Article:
The day of the funeral I thought to myself, I can't leave now. Can't leave my dad. Can't leave my family to flounder when the one person who kept us glued together is now gone. But don't I flounder with them? I am no savior. Thinking that I couldn't leave added to my grief, and I realized that I might be trading my happiness for some idea of loyalty that isn't required of me.
I don't have any answers right now. I know I have been on the right path (can I be on any other?) and that for now I must keep walking. The answers will come to me. The questions, they pop up everywhere.
Am I ready to completely ditch the very flexible holistic education program that's we've not really been using, and embrace fully the learning and living lifestyle which we have lived for the past year? Would I rather go in the other direction and participate in the Enki teacher training, so that I could open a small private school (no, I don't really think so)? What do I want my role to be within the Enki community? What is best for my children, and for us as a family?
In other words, do I make that final leap off the cliff, throw off the idea that any one person may be right about education, and trust myself, Papa, and the boys to take full control and responsibility for our lives?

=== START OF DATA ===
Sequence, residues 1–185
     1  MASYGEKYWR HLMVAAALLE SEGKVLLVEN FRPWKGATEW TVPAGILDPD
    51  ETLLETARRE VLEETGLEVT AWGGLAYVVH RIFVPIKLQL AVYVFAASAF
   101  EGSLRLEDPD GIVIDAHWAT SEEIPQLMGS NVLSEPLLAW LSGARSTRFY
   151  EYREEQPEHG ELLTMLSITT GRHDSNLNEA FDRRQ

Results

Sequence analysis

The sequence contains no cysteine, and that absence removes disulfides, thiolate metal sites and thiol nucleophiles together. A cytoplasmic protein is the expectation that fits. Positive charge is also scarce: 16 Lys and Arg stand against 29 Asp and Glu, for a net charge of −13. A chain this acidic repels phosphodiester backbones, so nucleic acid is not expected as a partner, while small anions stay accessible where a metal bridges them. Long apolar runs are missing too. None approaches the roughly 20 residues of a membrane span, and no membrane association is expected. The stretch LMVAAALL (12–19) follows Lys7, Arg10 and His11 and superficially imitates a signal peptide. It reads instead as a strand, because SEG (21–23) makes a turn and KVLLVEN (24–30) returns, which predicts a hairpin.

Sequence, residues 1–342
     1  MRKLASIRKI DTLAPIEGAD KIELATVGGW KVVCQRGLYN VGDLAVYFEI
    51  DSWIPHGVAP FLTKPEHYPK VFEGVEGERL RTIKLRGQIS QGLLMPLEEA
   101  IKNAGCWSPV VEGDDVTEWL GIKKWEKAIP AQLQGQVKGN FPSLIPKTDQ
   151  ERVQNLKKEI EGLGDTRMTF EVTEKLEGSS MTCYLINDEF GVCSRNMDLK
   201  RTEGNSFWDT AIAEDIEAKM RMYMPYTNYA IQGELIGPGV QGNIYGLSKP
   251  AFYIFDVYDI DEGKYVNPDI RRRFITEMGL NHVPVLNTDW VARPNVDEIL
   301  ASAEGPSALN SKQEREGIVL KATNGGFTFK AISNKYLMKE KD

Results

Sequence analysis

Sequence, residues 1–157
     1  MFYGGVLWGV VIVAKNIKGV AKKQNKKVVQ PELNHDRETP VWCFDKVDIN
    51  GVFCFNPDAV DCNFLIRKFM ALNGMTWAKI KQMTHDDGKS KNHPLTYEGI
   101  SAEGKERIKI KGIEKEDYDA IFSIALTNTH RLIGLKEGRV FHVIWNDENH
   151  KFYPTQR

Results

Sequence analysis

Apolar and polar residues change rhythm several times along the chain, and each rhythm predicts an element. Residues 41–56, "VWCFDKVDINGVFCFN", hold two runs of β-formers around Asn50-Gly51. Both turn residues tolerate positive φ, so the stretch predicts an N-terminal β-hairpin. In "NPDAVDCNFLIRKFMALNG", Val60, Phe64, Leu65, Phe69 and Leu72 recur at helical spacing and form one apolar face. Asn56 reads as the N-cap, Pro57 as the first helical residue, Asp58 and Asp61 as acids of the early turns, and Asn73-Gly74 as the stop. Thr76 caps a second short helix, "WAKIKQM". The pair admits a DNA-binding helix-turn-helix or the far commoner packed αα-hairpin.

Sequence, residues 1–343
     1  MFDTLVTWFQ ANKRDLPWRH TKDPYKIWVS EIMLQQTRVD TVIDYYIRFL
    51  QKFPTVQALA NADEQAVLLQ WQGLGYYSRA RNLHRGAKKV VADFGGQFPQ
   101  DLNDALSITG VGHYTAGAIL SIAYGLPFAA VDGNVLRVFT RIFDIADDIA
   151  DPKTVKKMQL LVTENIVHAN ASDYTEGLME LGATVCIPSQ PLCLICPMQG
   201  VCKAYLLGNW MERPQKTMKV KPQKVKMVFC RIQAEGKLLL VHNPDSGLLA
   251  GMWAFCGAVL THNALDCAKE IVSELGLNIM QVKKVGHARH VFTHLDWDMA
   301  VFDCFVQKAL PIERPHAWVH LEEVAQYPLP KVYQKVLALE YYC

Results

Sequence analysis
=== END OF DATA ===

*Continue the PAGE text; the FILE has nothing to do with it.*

(I write it out, and I know the answer.)
Do I really want to spend my time pursuing the hobbies that I have surrounded myself with? Knitting? Crochet? Sewing? (Which is still theoretical at this point.) Why do I read less than I want to, or spend time reading things that aren't high on my list?
Do we spend enough time together as a family? Why do I pay lip service to playing games and spending time in nature and yet fill most of our time with other things? Are the other things more important to us right now? It isn't as if we are a scattered group of four people with no connection. We are a strong family. I will spend more time observing, I will add in some of the things I want to do, and I will see how it fits.
I will be here less. Well, not necessarily writing on the blog less, but certainly participating in online forums and groups less often. I had already tapered off much of my online activity over the past year or so. It's important that the computer be a tool, and my family and community be where I focus my energies. I already knew this.
Papa and I have talked often about the impermanence of this life, and the illusion of time. We know that we must live in each moment, savor them, and make each one full of love and worthy of the time given it. That doesn't mean that we won't all cuddle up for family movie night or a ball game, or that we won't be silly, or that we abdicate from all mundane responsibilities. It only means that we bring more awareness to all of it, something we have been seeking for a long time, and something we will continue to seek.
Today I look for the small pleasure in the tasks of everyday living. I call upon my patience. I live with the knowledge that I may die tomorrow or 50 years from now, and that either way I want each day to be one that lifts me up, that nourishes me, that is in line with my values. Whatever time I have, I want to live it aware.